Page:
Excel has a built-in formula for concatenation. It looks like this:
=concatenate(A2, B2) or = concatenate(A2,””, B2)
This works, but I am blogging about shortcuts! There is another way to perform the concatenate function. You can also use the “&” symbol:
=A2&B2 or =A2&””&B2
Imagine you have a spreadsheet with a column for First Name and a Column for Last Name. You want a column with the entire name in it, like “Smith, John”. The thing to remember with concatenation is that you have to include everything in the formula, even the spaces and commas. If there is any text other than what is in a selected cell, it should be surrounded by quotations.
In order to combine First Name “John” from column A and Last Name Smith from Column B in the format mentioned above, you would write the formula as follows.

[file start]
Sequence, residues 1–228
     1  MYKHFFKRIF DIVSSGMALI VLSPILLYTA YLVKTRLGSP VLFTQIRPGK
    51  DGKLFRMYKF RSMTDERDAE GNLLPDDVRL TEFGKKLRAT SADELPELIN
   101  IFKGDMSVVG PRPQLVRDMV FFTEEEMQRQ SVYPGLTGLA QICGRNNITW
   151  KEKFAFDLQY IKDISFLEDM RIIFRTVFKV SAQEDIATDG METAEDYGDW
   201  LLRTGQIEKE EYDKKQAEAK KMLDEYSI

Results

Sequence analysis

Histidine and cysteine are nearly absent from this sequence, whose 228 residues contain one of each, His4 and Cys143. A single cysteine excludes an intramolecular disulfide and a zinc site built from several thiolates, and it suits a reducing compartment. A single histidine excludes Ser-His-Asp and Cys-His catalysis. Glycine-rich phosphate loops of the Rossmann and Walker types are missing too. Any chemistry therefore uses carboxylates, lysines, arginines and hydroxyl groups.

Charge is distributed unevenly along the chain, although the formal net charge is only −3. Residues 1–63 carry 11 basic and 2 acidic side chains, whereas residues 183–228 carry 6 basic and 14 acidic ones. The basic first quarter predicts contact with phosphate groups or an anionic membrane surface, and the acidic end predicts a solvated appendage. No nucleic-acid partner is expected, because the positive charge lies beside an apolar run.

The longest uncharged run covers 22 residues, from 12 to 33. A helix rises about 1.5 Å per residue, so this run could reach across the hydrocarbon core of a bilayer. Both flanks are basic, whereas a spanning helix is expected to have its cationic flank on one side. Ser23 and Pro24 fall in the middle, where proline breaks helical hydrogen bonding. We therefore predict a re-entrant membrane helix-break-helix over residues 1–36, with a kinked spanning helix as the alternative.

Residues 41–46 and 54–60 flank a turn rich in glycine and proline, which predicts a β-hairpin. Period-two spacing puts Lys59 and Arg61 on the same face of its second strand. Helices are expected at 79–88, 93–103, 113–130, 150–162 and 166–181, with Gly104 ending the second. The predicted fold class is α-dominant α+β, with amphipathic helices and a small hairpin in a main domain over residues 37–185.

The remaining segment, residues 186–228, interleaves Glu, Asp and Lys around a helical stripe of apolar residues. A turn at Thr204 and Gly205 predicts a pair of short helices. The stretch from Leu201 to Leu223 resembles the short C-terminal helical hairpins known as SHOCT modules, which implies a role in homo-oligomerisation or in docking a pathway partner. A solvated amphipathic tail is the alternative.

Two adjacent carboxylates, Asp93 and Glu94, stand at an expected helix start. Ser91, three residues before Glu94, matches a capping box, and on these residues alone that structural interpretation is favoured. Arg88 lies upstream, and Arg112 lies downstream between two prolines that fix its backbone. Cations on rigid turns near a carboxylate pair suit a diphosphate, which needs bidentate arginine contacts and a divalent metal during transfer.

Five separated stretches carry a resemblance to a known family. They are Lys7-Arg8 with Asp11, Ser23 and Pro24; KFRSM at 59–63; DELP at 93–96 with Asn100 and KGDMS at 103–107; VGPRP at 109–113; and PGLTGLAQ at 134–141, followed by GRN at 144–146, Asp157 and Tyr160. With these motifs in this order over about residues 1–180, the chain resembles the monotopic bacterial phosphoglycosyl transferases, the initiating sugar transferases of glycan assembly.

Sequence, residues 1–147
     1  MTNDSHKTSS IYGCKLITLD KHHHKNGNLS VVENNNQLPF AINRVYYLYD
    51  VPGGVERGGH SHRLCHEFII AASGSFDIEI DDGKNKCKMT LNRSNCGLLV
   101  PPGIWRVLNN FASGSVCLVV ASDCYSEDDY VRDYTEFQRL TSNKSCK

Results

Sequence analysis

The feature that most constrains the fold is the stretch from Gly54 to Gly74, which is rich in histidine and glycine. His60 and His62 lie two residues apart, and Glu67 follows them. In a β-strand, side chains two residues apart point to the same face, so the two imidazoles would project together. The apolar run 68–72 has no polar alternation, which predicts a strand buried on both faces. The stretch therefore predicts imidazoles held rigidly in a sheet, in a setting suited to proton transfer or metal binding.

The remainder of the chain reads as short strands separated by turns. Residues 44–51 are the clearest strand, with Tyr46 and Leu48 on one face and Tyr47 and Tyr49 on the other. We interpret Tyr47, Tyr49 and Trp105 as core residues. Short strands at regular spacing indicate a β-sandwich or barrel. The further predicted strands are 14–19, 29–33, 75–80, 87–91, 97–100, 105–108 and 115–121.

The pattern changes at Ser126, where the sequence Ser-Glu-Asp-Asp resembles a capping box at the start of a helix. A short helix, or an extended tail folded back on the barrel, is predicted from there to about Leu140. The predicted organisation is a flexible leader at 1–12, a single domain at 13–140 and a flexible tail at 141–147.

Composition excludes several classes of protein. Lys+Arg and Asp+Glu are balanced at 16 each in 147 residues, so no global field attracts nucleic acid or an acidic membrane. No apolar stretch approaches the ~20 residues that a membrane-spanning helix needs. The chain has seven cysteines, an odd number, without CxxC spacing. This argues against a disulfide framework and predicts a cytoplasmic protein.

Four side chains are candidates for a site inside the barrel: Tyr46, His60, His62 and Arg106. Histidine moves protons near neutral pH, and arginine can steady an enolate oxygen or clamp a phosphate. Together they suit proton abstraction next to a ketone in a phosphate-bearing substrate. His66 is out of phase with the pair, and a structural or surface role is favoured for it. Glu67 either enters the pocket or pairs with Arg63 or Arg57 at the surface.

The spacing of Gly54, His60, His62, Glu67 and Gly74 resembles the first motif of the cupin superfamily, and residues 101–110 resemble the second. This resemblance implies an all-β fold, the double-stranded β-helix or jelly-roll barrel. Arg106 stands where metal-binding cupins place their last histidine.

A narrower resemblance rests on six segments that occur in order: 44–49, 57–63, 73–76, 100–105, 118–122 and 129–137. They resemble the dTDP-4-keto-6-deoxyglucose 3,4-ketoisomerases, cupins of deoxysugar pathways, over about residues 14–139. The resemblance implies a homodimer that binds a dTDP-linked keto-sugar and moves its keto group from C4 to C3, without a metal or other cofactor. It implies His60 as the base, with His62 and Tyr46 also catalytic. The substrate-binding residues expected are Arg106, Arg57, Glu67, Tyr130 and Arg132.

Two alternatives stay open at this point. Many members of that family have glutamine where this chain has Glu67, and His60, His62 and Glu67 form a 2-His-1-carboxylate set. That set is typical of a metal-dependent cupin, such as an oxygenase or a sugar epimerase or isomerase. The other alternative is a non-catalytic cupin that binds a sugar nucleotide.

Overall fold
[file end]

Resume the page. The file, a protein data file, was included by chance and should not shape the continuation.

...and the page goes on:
=B2&” , “&A2
This would give the result Smith, John.
Note: You can combine as many cells as you like in a single concatenation formula. Typically, starting with the first cell and copying your formula down the column is the preferred method.
If you are an Advocate Capital customer and need help preparing or manipulating data in the Excel application, feel free to contact me at BHardison@AdvocateCapital.com.
We love feedback from our customers and implement suggestions often. What shortcut do you use the most? If you have a question or idea for an Excel tip that you would like to see, let me know and I might write about it!
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